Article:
PLAYLIST FOR THE DEAD is a poignant and engaging and relatable story and one that is a must for readers who enjoy incredibly touching, coming-of-age stories and those who know just what it’s like to be in Sam’s shoes.
Sam's best and only friend left behind a playlist after committing suicide, a death for which he feels responsible. Maybe, just maybe that list of music holds clues to the reason why Hayden overdosed. Sam's sure their argument was the reason, as well as bullying from Hayden's own brother. But then he meets Astrid and her friends, starts coming out if his shell, and learns things about his buddy he never knew. Is finding new friends, and maybe even a girlfriend disloyal to Hayden?
I had a hard time getting into PLAYLIST FOR THE DEAD, probably because I'm neither a video game nor music buff, Sam's two biggest interests. Once he started interacting with Astrid, her friends, his sister and her boyfriend, Sam became a much more interesting character and I embraced the story, but it was a slow start. The more I read, the more I liked Sam and I appreciated his strong moral compass. His sense of right and wrong helped him realize the strength he didn't realize he had, and he did grow as a character. Michelle Falkoff did a good job creating multidimensional characters, even the characters who seemed black and white had internal motivations of self preservation Sam hadn't originally understood. In the end, I liked and respected him. Falkoff captured the essence of a high school boy, a misfit who fit better than he realized.
Themes: suicide, bullying, family, siblings, first romance, music, video games, depression, grief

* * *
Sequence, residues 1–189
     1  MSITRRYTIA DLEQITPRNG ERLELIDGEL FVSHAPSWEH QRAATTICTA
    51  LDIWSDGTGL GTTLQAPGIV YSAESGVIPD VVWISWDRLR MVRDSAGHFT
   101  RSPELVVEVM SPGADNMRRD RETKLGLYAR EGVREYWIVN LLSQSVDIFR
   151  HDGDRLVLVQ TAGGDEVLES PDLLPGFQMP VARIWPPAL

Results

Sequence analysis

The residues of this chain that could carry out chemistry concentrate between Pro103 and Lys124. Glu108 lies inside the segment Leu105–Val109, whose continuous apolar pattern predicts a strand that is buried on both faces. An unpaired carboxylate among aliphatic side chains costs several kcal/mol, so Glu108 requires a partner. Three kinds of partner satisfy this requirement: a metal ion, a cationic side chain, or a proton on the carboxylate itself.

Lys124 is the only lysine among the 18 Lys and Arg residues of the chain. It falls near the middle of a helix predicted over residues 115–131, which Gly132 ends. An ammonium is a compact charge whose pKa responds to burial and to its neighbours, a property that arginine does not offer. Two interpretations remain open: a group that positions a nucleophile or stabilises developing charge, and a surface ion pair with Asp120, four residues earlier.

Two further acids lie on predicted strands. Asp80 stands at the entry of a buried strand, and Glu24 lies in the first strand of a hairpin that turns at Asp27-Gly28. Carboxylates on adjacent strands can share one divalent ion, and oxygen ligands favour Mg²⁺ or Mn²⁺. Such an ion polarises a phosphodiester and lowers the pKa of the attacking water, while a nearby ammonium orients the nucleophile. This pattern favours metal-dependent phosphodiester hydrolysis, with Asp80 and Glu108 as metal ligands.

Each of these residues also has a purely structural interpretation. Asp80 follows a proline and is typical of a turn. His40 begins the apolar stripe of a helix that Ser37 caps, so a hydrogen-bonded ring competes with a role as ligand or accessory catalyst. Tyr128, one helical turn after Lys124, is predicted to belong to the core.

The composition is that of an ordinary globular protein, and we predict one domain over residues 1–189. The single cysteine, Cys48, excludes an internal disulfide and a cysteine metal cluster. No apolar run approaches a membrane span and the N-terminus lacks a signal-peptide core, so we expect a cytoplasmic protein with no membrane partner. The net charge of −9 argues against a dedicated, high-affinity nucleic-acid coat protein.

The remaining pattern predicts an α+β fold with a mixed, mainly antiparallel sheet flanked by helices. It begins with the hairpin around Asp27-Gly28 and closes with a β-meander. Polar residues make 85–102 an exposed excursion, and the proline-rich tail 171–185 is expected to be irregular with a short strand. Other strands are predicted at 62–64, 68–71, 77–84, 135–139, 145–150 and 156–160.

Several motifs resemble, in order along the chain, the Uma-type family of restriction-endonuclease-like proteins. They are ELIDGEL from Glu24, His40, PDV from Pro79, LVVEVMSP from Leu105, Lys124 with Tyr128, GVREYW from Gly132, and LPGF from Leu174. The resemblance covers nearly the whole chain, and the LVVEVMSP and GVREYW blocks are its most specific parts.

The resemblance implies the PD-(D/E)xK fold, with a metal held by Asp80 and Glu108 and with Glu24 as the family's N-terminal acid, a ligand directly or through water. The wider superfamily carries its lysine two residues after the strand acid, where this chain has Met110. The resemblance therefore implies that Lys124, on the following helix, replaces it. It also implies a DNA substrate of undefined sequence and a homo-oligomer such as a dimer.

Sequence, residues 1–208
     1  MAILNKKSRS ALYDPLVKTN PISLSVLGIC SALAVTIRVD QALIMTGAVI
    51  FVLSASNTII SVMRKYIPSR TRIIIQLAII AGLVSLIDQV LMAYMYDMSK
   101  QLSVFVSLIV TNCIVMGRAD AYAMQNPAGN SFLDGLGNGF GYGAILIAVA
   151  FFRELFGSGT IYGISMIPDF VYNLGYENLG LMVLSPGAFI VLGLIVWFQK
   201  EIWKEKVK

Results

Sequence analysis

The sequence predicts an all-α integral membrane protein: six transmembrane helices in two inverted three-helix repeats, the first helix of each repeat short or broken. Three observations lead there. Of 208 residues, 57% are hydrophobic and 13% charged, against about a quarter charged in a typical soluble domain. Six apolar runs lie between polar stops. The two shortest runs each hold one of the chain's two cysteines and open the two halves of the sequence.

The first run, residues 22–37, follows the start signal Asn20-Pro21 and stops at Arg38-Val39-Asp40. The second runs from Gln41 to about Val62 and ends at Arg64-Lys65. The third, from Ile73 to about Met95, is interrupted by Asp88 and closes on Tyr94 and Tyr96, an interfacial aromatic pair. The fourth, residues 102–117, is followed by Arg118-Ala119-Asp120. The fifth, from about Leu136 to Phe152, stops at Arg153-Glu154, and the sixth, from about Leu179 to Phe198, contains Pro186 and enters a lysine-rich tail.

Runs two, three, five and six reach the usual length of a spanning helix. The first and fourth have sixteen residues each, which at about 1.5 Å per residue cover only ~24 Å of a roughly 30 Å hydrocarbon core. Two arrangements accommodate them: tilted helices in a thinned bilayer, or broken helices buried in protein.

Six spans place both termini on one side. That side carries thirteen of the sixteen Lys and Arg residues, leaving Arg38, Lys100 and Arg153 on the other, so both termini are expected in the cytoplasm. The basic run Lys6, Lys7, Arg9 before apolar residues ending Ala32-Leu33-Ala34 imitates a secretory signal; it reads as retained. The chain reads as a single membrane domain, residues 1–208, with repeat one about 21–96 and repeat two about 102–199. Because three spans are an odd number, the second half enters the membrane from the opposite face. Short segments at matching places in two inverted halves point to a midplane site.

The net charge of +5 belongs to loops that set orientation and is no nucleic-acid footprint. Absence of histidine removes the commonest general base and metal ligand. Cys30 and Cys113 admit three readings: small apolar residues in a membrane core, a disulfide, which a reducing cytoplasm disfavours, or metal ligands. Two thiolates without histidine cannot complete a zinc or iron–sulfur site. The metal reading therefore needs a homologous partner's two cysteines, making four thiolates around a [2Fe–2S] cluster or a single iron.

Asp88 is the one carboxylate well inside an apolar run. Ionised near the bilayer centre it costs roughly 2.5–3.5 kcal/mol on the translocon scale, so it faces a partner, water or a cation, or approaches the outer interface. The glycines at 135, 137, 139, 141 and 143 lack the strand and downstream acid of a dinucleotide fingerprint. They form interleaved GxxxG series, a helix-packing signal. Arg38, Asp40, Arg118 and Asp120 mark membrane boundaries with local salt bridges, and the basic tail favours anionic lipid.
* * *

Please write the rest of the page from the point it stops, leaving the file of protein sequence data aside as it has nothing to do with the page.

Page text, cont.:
PLAYLIST FOR THE DEAD is a very good book that will appeal to both boys and girls covering important social and mental health topics.
“Apparently I wasn’t the only one who was finding people surprising these days. It made me wonder whether everyone had these secret lives, these aspects of themselves that didn’t match who they seemed to be.”
Where to begin with this? For starters, don’t worry about the music. I did listen to some of the songs but it’s really not necessary to follow the story. The music has more to do with Sam and Hayden’s relationship than the actual storyline. The songs on the playlist are meant to help Sam understand why Hayden committed suicide, but after listening to it several times the songs only confuse him.
During the story Sam finds that Hayden had other friends he didn’t know about and secrets he was keeping even from his best friend. The bullying everyone was aware of, but slowly though-out the book Sam is introduced to new characters and new perspectives of the fate filled night at the party.
What I really loved about this book is that it’s psychologically light, but layered with the emotions those that are left behind face: guilt, blame, anger, sadness, loneliness, hopelessness. It could be possible that everyone and no one is to blame for Hayden’s death. The narrative by Sam also made me able to really understand his feelings at any point in the story. Just how a passage was written would leave me just as frustrated or confused as Sam. Bravo.
What I didn’t like is, like in so many other YA novels, the complete lack of parent interaction. It seems like a go-to fix-it for YA novelists if you need parents out of the way, then the kid has a no-show dad and mother who is either a) a waitress at a 24/7 dinner or b) a nurse with odd hours.
Overall, Playlist for the Dead is a great realistic fiction novel from this debut author. I recommend it for anyone who likes psychological YA fiction that’s on the tragic side.